That figure gave JRT pause. After all, the waves that swamped the Fukushima Daiichi plant measured 15 meters. JRT investigated, and found that Japan’s regulators applied the lessons of Fukushima — very literally. Here’s what we found:
Tokyo Electric Power Co. (9501)’s new loan that is part of the nation’s largest bailout in more than a decade will come with “strict” covenants triggering repayment, according to three people familiar with the matter.
Banks offering the loan to Tepco, as the utility is known, can ask for repayment in full if its profit or net assets fall 25 percent below targets stipulated in the company’s business plan for two consecutive quarters, the people said. The conditions will apply to a 370 billion yen ($4.6 billion) portion of Tepco’s 1 trillion yen loan, they said.
A joint venture between Jordan Energy Resources Incorporated and French nuclear giant Areva said on Tuesday it has discovered more than 20,000 tonnes of uranium in the Middle East kingdom.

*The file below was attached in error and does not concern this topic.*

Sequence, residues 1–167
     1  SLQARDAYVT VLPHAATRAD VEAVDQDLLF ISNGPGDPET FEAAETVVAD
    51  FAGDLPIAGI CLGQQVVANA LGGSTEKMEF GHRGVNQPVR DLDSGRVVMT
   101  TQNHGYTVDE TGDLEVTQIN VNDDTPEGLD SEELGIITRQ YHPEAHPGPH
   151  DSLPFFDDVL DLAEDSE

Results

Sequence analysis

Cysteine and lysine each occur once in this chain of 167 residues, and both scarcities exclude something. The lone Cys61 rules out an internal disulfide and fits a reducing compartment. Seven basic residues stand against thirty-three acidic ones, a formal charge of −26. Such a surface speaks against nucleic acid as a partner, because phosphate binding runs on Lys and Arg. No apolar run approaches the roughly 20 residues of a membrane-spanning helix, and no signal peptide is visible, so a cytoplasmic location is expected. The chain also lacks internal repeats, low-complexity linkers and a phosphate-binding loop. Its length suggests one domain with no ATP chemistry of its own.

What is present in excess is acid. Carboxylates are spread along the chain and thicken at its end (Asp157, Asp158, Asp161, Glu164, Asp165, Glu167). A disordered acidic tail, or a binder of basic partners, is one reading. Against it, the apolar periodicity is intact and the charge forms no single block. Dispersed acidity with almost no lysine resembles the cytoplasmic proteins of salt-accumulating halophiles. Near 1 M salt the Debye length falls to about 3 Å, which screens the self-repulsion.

The Jordanian French Uranium Mining Company said 12,300 tonnes of uranium had been found in central Jordan last year, and now "the overall uranium potential on the licensed 70 square-kilometre (27 square miles) area exceeds 20,000."
"These potential resources are considered strategic for Jordan since they should enh
HARPER COUNTY, Kan. (CNNMoney) -- In the farm country of southern Kansas, water is a precious commodity. And not just for farming -- for fracking.
In hydraulic fracturing, water is injected into the ground at a high pressure to help crack shale rock and bring oil to the surface. The industry says it takes as much as 2 million gallons of water to drill a single horizontal well in Kansas.
Most drillers use groundwater or surface water from ponds and rivers. But first they must receive permission from whoever has rights to it and get a permit. Water permits have soared to the highest level in 30 years.